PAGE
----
Acquiring raw land for income purposes may not be the most glamorous area of real estate investment but -- for the discerning and dedicated -- it can be a lucrative one, nevertheless. This series will look at locating the right land; navigating through the purchasing process; engaging a lender to finance the purchase; developing the land in compliance with federal, state and local laws; and re-selling the improved property at the right time. Getting to the financial payoff is a process that requires planning and patience. For now, we focus on finding the optimal parcels to make it all happen.
Is There Raw Land Out There?
If, for example, you wish to build a house to sell, you might look for a property with an old, unpreserved house waiting for demolition. Yet that just represents additional expense. Ideally, you want a piece of land that is undeveloped. How much is available to a small homebuilding business? Obviously, the availability of such real estate varies according to state. LandWatch.com, for example, lists nearly 1,400 undeveloped properties on its database for New Jersey. Arkansas, on the other hand, boasts 8,000 listings. Such parcels measure half an acre; others are in the hundreds of acres. The point is, there is raw land for sale.
Is Raw Land a Worthy Investment?
There is an increasing appetite for land that can be converted to residential and commercial use. Per the National Association of Realtors (NAR), land value for these zoning classifications will climb between three and five percent between 2023 and 2024. Best of all for landowners, it is a finite commodity. Therefore, it will depreciate very little, but can appreciate significantly. Even holding it for a short while can be profitable down the road when the real estate market improves and home values rise. Still, not all land is created equal.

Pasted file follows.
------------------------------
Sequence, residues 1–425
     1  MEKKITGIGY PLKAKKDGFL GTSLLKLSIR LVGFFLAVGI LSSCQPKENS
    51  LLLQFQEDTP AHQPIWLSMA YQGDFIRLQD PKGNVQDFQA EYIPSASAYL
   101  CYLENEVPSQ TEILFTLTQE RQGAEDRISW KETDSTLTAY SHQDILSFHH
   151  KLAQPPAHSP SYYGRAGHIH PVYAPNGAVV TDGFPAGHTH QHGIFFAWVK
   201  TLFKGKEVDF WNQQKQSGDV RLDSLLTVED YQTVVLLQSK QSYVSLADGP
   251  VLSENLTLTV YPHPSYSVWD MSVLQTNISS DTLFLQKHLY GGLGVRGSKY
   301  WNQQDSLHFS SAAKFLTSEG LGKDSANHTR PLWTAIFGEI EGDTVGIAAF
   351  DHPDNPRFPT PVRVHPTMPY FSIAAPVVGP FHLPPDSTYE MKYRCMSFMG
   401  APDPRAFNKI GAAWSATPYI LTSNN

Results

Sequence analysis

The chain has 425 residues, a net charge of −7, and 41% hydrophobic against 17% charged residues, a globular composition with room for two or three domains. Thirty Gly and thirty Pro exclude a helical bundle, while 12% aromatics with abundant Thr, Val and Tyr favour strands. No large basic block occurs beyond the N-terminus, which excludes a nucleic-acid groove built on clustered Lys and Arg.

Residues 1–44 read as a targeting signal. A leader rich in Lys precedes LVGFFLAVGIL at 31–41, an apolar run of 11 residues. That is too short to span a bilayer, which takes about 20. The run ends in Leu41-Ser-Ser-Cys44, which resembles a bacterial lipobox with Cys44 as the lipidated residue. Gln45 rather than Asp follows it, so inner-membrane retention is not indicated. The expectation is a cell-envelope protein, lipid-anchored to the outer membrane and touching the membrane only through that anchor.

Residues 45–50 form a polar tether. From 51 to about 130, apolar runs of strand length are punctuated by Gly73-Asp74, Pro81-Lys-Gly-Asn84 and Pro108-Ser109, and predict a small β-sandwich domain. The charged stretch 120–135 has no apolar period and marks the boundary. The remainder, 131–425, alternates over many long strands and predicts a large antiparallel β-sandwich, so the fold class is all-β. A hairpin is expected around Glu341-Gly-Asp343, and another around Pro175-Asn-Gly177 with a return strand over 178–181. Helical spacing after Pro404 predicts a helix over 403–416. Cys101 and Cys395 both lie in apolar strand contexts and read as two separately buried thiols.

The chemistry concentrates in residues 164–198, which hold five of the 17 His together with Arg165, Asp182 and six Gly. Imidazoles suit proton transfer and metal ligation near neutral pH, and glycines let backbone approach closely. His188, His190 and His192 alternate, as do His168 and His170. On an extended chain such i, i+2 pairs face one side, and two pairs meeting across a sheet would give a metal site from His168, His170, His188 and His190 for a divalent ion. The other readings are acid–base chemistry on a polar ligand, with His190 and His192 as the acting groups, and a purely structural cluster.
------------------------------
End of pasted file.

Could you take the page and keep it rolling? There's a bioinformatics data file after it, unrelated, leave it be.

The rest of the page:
What Kind of Land Should a Homebuilder Look For?
A real estate investor who builds homes should always keep the long view in sight: what will the re-sale price be and what kind of reputation does the seller have when all is said and done. With this in mind, a builder looks for certain features in undeveloped property. A few well-conceived questions can reveal these features:
- To which utilities will I connect? Gas, electric and water must be accessible and the builder must provide the connections to them. If the source is too far away, you may want to pass.
- What about surroundings? Are there conveniences and parks nearby? Trees, lakes or other bodies of water? A noisy highway?
- How is the soil quality and how is the property sloped? In other words, is it prone to flooding?
- What are the zoning rules? More on this in a later post.
- Any easements to worry about? Access is a big issue for home buyers.
How to Find Property that Meets My Criteria?
There are many online services that aid in the search for appropriate raw land. Landwatch.com, LoopNet.com and LandSearch.com are but a few of them. Do not, by the way, discount local real estate brokers. While their bread and butter consists of selling improved properties, many of them have experience with raw land transactions and can guide you through the search and acquisition process. They can also project where eventual home values will land when it's time to sell. Unless you are experienced in such transactions, the advice of a seasoned realtor might be an invaluable asset.